What Does it Mean to Study Corrections?
Students who earn a college degree in corrections and begin a career in this important field bear the responsibility of overseeing the criminal population and ensuring the safety of local citizens. The law enforcement and corrections field may seem intimidating at first, due to the regimented lifestyle and high level of accountability. There are many benefits, however, to working in law enforcement. For one thing, it's one of the fastest-growing job fields in the country.
Types of Corrections Degrees
A Criminal justice degree in Corrections major focus on counseling and rehabilitation of offenders, probation, parole, community corrections, and juvenile services. Corrections professionals have the opportunity to make a strong and lasting impact on those they oversee. They will confront dangerous situations and be offered opportunities to help improve lives. The knowledge and insight gained from a college degree program in corrections will prepare them for the challenges of a career in the field.
Close collaboration between teachers and students in this major is strongly encouraged. Students are also expected to gain experience through internships and job-shadowing programs. Internship experiences can help with networking during the job search after graduation. Some graduates of corrections degree programs work as correctional officers, correctional counselors, and community and court probation officers. Others have opted to specialize in sexual abuse response and child protection services.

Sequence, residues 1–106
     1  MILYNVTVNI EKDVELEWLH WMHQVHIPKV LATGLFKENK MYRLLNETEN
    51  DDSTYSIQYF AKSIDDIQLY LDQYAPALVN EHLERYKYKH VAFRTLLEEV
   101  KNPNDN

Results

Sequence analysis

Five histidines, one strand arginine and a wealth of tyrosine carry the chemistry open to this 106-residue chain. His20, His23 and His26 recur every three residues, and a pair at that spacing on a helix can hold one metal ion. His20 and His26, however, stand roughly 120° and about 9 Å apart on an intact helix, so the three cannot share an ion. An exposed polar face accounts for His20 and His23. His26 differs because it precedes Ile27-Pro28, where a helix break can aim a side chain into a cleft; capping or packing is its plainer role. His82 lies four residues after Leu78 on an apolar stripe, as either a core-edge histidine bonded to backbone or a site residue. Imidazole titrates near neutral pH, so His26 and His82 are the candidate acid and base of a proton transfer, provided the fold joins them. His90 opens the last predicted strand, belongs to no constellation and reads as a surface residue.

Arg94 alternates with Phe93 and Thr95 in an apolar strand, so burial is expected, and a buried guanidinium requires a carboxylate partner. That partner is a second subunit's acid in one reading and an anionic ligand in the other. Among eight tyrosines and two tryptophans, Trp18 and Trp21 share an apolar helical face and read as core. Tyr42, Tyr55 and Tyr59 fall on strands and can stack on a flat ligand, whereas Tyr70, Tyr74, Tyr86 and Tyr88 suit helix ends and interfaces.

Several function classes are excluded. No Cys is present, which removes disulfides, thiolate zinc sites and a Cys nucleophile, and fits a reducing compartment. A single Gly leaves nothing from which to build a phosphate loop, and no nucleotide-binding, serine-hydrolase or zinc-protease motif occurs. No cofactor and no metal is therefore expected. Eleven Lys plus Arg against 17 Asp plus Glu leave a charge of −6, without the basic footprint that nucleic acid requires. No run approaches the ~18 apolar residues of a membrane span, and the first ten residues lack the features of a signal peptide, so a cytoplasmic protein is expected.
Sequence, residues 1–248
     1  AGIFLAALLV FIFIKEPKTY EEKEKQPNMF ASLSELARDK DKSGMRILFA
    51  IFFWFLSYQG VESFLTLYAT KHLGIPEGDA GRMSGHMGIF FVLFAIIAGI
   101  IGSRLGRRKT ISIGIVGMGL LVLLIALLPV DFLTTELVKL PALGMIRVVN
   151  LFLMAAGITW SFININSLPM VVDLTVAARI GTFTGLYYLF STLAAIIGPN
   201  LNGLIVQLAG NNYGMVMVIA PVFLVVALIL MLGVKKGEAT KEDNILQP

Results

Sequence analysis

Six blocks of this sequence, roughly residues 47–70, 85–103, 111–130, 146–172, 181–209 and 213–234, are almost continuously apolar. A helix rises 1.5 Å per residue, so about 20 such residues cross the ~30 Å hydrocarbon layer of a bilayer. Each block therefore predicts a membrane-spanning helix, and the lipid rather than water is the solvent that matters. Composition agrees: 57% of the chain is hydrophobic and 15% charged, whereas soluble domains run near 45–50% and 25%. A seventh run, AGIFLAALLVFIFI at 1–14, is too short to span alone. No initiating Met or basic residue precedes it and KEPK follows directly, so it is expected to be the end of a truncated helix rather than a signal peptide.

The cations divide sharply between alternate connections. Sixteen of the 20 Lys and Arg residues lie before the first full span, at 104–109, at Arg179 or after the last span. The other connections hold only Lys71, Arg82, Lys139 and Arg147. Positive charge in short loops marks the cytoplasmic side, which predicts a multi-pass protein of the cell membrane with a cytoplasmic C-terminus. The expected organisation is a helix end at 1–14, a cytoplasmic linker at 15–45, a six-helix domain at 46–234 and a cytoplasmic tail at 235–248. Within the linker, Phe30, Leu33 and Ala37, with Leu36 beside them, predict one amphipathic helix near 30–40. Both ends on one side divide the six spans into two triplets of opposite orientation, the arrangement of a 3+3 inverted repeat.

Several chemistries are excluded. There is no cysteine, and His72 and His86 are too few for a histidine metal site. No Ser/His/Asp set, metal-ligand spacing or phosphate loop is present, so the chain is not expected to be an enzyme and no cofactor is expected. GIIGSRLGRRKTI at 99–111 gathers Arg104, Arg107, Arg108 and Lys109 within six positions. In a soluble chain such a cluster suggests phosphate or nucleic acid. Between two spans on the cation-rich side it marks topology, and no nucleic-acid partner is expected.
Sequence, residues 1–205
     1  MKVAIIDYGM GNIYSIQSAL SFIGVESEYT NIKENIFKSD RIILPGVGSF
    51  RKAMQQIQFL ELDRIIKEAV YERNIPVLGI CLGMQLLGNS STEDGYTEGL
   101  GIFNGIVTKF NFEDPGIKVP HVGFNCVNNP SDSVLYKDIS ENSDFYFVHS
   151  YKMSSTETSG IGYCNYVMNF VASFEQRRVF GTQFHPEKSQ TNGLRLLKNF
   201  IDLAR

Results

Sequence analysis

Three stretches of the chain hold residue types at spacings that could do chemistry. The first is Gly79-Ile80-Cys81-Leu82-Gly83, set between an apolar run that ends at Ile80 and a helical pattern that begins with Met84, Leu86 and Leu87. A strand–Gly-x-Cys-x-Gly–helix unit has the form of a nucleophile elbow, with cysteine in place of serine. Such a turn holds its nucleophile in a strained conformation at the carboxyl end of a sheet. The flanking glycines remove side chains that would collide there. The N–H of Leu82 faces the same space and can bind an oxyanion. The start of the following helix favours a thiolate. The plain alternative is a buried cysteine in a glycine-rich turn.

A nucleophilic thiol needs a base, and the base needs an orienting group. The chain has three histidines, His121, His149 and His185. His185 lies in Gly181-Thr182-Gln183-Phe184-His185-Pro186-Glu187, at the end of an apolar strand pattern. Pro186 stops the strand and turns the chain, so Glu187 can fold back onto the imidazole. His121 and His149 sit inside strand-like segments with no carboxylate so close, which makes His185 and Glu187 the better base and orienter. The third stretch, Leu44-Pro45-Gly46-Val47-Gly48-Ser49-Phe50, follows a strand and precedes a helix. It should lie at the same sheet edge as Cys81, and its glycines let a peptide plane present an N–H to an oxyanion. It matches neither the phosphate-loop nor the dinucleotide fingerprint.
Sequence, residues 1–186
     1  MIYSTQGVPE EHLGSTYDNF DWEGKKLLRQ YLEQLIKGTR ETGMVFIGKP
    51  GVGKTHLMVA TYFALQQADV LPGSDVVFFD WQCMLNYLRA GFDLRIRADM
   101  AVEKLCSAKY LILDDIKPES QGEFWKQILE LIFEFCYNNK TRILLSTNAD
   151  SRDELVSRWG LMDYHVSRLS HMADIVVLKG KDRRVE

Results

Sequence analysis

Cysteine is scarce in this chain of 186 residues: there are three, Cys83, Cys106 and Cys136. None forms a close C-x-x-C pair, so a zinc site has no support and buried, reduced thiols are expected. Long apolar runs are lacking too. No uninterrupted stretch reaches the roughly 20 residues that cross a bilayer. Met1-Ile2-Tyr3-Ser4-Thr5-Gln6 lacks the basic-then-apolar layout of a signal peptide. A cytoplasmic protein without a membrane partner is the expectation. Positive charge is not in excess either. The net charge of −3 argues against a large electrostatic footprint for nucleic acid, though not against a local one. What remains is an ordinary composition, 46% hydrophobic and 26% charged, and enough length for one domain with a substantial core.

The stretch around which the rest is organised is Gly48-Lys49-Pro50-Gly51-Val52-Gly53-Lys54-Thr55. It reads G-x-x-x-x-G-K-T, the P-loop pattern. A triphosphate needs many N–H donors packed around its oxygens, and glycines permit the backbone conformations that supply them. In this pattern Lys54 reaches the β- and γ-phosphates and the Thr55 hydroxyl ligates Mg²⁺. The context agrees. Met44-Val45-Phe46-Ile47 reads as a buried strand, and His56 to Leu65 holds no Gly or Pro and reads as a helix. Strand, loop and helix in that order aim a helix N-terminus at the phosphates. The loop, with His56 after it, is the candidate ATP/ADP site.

What You'll Learn in a Corrections Degree Program
College degree programs in corrections are designed to prepare students to obtain entry-level positions in the field. Upon graduation, students should understand the daily operations and functions of the criminal justice system. They should have the ability to recognize and analyze sociological factors that may increase the likelihood of crime. They should also understand how prisons and rehab facilities function -- their hierarchies, regulations and communications systems. Graduates should be familiar with constitutional processes and applicable law.
Online Degrees in Corrections
The flexibility of online degree programs makes education available to many students who already have jobs or families to support. By enrolling an online college degree program in corrections, students are able to control their own study and class schedules, and are not forced to relocate to a physical college campus.
The convenience of online education is especially important in the field of corrections because many high-security facilities are located in isolated and rural areas, far away from traditional universities and community colleges. Many correctional facilities offer continuing online education to staff, in tandem with services provided to prisoners going through rehab and remedial services.
Other College Degrees in Corrections